It’s six o’clock in the evening, I look forward to what I want to accomplish before I hand over to God my meager offering of my efforts today, and retire for the night.
Making my way to the kitchen I set in motion a most wonderful ritual, the beginning of which releases a strong and rich aroma that fills the air.
Assembling my moka pot, I tighten the upper and lower chambers. Held within is the ground coffee which has been through so much over its lifetime: plucked from the branches which had given life, separated from its flesh, roasted, and ground. The final step in the lifespan of a coffee berry is contained within these two sealed chambers of aluminum.
Momentarily, a flame will be added to the bottom and the lower chamber will heat, build pressure, and force the water up through the perfectly proportioned ground coffee. This will cause the water absorb the flavorings which the ground beans so selflessly give up, and finally collect in the upper chamber.
While coffee is simple, it is also complex; while it is considered hearty, it is actually quite delicate.
Coffee requires a balance between water, ground beans, and time. All three proportions are important to ensure proper extraction from the beans to result in an aromatic, flavorful, and balanced beverage. If the water gathers too little flavor, the result is under-extracted: weak, sour, and tasteless. Conversely, if the water collects too much, the result is over-extracted: bitter and offensive.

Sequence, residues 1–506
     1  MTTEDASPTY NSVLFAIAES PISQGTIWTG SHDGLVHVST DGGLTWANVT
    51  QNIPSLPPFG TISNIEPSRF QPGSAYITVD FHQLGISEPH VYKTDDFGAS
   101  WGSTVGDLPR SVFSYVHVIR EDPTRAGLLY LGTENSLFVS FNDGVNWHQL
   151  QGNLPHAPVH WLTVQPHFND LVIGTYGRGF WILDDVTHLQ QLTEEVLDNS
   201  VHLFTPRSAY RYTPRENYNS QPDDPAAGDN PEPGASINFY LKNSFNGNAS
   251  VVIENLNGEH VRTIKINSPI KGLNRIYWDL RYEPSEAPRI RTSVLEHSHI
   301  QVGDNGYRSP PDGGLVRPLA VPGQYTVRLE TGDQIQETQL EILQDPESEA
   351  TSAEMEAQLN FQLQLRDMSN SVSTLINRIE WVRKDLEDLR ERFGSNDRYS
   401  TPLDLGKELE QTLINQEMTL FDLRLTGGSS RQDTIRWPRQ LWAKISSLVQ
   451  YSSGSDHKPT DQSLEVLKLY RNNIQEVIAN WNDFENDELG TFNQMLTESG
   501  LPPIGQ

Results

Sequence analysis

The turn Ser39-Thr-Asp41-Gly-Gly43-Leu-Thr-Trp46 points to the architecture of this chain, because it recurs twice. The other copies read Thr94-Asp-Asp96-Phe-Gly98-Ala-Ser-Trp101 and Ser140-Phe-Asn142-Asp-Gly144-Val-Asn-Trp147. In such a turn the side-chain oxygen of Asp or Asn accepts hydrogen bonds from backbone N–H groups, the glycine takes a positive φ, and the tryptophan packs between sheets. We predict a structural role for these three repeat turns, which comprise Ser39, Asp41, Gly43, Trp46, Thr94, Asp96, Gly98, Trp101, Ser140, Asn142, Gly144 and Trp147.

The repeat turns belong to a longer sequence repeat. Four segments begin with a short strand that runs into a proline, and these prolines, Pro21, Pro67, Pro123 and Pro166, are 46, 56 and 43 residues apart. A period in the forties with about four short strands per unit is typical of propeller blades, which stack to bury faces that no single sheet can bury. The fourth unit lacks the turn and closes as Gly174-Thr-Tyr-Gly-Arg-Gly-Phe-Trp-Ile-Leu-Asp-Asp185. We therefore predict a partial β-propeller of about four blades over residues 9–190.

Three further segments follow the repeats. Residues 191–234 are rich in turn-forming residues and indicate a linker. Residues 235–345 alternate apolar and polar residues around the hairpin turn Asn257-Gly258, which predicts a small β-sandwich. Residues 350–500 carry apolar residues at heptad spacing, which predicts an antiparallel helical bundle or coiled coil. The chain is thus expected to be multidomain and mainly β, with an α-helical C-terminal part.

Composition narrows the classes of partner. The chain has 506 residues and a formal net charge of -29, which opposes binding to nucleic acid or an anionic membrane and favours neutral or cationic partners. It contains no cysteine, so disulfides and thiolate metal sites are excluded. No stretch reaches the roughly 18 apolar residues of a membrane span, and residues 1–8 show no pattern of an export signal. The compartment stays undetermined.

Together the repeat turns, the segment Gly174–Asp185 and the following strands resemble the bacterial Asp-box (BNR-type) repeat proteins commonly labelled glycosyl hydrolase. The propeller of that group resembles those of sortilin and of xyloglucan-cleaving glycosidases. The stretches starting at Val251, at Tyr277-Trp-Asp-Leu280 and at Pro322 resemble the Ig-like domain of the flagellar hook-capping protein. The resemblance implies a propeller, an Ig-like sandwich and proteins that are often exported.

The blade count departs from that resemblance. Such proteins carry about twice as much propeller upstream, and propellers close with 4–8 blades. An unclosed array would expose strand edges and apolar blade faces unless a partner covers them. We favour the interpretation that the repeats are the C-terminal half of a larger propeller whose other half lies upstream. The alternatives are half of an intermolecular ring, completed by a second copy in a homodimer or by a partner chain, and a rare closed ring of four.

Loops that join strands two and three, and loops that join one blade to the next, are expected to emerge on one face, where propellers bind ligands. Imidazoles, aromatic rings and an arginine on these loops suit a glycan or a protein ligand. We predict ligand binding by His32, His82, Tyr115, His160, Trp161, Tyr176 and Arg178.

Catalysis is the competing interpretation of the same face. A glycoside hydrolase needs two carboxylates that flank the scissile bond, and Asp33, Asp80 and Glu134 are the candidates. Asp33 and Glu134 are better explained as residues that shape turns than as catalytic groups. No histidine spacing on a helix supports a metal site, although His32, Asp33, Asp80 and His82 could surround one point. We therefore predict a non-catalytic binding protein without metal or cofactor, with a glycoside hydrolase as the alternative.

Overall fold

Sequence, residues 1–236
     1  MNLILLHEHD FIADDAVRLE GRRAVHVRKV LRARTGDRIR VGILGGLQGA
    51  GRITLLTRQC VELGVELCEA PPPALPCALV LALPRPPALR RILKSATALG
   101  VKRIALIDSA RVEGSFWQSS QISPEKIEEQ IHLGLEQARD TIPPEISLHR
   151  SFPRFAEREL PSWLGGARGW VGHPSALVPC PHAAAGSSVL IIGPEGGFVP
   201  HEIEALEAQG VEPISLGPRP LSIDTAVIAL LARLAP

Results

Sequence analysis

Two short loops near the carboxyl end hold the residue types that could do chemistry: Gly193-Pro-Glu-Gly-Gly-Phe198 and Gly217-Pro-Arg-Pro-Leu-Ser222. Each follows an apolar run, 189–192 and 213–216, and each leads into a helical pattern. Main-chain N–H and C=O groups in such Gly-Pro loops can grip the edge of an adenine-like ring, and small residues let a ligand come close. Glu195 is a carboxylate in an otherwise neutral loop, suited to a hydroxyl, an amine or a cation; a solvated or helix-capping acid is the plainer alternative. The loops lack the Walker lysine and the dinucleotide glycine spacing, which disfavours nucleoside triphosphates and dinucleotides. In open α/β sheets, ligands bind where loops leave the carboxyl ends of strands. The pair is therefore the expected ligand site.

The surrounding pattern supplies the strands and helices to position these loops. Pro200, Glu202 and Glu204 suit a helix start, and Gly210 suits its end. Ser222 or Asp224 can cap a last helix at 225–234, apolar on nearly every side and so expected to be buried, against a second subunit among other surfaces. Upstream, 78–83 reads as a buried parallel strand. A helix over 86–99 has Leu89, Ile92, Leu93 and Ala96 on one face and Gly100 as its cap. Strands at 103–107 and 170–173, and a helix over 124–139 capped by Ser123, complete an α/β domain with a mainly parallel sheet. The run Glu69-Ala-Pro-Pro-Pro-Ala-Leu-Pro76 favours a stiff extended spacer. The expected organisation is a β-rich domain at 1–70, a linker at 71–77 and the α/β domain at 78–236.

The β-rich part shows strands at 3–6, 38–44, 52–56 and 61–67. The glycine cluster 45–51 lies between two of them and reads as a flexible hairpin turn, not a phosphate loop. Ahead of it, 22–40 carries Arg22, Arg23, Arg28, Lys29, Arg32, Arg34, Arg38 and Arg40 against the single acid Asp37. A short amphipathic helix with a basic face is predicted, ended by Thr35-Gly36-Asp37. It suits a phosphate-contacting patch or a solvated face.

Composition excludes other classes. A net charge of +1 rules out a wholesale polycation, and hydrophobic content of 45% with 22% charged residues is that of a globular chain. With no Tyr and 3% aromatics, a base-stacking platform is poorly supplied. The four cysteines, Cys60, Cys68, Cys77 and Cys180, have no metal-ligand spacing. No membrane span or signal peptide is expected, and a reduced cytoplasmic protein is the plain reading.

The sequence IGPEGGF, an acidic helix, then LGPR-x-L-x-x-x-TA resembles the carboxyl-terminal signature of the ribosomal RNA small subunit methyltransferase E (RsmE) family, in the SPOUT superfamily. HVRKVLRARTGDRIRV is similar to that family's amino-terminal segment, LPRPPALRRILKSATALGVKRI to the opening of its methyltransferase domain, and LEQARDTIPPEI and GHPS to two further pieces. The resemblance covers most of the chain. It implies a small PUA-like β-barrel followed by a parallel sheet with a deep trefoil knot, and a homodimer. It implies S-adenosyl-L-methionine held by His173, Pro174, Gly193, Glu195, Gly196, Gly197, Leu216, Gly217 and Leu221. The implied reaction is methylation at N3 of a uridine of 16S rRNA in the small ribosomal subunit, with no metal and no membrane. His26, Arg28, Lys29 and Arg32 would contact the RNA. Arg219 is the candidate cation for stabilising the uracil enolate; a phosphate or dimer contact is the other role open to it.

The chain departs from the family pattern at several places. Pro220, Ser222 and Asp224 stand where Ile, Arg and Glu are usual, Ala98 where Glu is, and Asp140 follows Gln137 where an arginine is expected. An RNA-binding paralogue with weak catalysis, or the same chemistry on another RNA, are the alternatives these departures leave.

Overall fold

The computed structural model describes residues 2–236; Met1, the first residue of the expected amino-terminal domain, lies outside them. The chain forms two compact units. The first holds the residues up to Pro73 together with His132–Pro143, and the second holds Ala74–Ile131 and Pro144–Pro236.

I need to wait and watch so that it does not sit too long and spoil. As I watch the flame lap the bottom of the pot, and the water heats, I think about the pressure that is building inside. Pressure is crucial. Without pressure, the water will never ascend through the chambers, it will never finish its journey.
I wonder what the coffee grounds feel like. Having experienced so much already, I wonder if this searing hot pressurized water is even noticed. Perhaps it is so numbed by the many prior assaults that it is no longer able to feel anything. Perhaps it feels every step of the process, each experience etched into its body, concluding with this one.
I can hear the beginnings of the brewing process, and I slightly open the lid to observe the steady flow from the spout. The fruit of the union between bean and water begins with foam but quickly transforms to a liquid with a deep red hue.
I think about pressure, about balance, about over- and under-extraction.
I reflect on my over-extracted life which results in a similar way, bitter and acrid, deeply longing for balance.
Before I drink, I say a quick prayer for life — for the vision to perceive balance, and the courage to seek it.
Today I am thankful for coffee — for the joy it brings and for the lessons it can teach.
What, dear reader, are you thankful for?